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U.S. Banks Face Contagion Risk From Europe Debt

U.S. banks face a “serious risk” that their creditworthiness will deteriorate if Europe’s debt crisis deepens and spreads beyond the five most-troubled nations, Fitch Ratings said.

“Unless the euro zone debt crisis is resolved in a timely and orderly manner, the broad credit outlook for the U.S. banking industry could worsen,” the New York-based rating company said yesterday in a statement. Even as U.S. banks have “manageable” exposure to stressed European markets, “further contagion poses a serious risk,” Fitch said, without explaining what it meant by contagion.

The “exposures” of U.S. lenders to major European banks and the stressed nations of Greece, Ireland, Italy, Portugal and Spain, known as the GIIPS, are smaller than those to some of the continent’s larger countries, Fitch said.

The six biggest U.S. banks -- JPMorgan Chase & Co. (JPM), Bank of America Corp. (BAC), Citigroup Inc. (C), Wells Fargo & Co. (WFC), Goldman Sachs Group Inc. and Morgan Stanley (MS) -- had $50 billion in risk tied to the GIIPS on Sept. 30, Fitch said. So-called cross-border outstandings to France for all except Wells Fargo were $188 billion, including $114 billion to French banks. Risk to Britain and its banks was $225 billion and $51 billion, respectively.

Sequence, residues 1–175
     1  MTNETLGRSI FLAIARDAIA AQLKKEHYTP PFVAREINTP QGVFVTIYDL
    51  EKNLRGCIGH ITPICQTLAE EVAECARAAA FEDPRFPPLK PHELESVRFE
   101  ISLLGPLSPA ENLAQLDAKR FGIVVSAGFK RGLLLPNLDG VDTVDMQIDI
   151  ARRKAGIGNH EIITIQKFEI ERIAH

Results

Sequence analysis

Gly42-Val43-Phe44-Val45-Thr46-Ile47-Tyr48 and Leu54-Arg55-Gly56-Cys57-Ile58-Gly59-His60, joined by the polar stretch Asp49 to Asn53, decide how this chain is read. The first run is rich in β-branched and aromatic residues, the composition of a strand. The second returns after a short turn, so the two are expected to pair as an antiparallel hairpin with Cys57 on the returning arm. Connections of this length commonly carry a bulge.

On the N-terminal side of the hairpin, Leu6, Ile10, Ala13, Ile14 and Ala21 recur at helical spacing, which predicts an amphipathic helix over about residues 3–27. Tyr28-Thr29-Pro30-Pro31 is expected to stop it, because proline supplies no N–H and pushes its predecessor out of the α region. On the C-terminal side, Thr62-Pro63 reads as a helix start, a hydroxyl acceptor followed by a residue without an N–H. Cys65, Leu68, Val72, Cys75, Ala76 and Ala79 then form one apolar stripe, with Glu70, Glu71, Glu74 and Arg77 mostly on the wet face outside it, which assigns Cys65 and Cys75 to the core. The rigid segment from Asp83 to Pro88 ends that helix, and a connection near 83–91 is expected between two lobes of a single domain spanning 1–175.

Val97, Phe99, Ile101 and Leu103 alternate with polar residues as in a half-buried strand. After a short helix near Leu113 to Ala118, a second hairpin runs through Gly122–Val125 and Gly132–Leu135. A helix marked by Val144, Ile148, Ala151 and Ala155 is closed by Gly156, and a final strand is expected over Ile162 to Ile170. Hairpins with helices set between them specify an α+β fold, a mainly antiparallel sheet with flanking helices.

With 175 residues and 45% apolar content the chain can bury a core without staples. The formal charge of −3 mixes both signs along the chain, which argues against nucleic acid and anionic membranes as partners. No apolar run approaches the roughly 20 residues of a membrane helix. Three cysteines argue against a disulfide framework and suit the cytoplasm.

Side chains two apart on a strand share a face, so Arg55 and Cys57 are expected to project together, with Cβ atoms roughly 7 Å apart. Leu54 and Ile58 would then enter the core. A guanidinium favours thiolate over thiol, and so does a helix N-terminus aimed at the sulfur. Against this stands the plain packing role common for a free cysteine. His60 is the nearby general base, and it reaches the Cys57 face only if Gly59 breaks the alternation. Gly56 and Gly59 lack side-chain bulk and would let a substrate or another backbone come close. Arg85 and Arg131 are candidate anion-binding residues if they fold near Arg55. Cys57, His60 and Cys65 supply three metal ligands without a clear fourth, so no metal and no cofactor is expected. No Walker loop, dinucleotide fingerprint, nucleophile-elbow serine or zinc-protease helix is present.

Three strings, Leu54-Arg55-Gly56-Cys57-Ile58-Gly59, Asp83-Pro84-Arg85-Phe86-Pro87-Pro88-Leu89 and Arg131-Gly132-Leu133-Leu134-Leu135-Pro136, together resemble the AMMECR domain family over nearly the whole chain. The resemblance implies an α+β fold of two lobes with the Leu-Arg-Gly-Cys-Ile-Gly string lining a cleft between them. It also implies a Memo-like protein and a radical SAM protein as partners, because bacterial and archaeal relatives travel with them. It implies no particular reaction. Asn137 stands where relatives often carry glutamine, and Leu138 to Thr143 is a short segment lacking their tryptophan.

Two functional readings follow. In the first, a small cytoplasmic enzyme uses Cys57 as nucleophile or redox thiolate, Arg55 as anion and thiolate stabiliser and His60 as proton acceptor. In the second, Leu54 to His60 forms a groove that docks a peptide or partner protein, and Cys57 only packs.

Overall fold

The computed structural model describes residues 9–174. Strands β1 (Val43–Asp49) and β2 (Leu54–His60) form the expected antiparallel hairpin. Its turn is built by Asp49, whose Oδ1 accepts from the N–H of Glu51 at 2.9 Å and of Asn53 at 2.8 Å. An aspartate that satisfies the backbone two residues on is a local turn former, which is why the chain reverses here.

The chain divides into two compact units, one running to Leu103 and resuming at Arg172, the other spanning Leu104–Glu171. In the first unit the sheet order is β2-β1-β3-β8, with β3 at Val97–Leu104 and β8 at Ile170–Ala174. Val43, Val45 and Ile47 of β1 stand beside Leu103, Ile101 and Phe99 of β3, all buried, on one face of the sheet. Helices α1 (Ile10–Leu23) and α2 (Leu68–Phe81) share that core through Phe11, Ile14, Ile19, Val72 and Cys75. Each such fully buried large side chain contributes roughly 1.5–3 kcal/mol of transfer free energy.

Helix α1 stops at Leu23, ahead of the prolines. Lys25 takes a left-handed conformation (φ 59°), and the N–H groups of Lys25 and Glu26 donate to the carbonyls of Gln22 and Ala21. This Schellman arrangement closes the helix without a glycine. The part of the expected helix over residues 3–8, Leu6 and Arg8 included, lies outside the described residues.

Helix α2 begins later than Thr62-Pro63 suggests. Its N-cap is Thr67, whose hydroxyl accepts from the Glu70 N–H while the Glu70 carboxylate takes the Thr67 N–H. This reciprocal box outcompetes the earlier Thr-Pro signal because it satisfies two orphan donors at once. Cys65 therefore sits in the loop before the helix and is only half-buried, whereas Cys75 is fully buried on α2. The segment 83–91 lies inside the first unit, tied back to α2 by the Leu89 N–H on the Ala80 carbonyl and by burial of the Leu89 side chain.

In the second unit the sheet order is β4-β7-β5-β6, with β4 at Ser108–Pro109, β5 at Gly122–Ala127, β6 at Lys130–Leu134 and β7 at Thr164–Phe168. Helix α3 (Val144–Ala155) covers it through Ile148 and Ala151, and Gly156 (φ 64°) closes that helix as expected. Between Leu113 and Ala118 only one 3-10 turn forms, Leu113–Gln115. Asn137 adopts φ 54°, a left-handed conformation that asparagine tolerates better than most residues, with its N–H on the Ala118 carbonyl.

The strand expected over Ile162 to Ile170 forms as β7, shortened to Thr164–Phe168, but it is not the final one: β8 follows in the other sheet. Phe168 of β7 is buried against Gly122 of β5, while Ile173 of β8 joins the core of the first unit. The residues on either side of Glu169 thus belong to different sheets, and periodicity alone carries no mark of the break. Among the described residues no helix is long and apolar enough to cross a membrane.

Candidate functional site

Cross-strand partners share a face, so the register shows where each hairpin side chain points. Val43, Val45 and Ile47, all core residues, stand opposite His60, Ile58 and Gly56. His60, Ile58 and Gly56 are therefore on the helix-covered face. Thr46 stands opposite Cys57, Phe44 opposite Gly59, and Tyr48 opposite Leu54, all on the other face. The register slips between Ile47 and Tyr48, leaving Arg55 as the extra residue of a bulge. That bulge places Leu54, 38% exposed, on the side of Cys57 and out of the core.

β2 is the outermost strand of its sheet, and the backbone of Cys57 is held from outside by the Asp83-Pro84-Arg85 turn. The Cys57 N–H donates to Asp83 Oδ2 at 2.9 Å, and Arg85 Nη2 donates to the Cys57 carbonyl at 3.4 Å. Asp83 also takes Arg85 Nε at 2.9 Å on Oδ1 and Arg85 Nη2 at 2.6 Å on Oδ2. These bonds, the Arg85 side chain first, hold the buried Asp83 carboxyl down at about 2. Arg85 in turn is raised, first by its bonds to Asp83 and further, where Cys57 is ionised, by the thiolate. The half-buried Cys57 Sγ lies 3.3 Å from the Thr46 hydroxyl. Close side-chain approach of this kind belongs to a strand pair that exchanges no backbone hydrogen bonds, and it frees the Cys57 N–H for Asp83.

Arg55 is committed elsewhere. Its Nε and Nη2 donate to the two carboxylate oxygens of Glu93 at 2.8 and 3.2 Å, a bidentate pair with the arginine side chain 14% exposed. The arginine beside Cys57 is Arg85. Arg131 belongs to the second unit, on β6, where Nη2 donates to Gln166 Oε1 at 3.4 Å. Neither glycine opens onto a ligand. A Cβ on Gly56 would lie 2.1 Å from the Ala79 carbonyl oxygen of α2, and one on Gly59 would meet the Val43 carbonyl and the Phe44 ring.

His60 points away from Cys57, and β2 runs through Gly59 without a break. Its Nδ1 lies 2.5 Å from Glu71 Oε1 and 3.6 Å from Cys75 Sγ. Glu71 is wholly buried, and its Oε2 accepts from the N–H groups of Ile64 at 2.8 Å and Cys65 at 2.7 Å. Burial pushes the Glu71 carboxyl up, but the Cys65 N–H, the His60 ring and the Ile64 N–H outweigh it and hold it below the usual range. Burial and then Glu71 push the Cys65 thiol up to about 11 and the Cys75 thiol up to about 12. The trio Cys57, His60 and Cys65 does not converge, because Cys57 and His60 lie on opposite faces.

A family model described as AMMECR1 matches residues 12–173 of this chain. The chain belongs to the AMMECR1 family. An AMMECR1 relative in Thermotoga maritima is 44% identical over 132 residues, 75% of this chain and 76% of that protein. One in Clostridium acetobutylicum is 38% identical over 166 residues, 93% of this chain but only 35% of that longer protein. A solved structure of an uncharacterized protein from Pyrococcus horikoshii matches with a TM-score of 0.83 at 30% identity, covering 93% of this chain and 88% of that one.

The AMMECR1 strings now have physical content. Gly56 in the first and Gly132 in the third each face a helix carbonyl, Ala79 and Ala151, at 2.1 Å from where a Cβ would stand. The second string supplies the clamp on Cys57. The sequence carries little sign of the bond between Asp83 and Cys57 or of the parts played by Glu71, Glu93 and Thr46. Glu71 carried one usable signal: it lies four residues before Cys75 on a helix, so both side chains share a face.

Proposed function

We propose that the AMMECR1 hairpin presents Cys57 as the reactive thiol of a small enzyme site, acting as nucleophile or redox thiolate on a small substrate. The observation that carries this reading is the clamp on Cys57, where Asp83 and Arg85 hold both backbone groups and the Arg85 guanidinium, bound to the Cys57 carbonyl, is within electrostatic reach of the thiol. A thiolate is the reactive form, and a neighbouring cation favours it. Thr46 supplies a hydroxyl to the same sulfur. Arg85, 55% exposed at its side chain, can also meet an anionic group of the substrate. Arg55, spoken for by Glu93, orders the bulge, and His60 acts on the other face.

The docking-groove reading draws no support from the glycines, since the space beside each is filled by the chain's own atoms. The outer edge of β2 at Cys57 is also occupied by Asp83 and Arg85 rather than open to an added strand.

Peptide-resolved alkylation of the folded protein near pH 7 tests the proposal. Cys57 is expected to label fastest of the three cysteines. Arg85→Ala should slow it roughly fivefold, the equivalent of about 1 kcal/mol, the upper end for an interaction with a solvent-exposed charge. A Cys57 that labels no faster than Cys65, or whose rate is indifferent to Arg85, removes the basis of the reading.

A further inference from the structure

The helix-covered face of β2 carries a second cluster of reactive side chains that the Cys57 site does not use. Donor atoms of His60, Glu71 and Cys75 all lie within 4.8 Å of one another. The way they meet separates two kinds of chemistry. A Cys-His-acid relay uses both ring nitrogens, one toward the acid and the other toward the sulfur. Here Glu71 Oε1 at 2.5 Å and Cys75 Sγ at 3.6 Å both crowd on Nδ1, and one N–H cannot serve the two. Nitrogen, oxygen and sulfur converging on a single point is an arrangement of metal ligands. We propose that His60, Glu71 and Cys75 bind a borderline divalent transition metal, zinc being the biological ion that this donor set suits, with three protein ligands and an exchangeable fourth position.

Photographer: Scott Eells/Bloomberg

A construction worker climbs down a ladder in front of Morgan Stanley headquarters in New York, U.S. The “exposures” of U.S. lenders to major European banks and the stressed nations of Greece, Ireland, Italy, Portugal and Spain, known as the GIIPS, are smaller than those to some of the continent’s larger countries, Fitch said. Close

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Photographer: Scott Eells/Bloomberg

A construction worker climbs down a ladder in front of Morgan Stanley headquarters in New York, U.S. The “exposures” of U.S. lenders to major European banks and the stressed nations of Greece, Ireland, Italy, Portugal and Spain, known as the GIIPS, are smaller than those to some of the continent’s larger countries, Fitch said.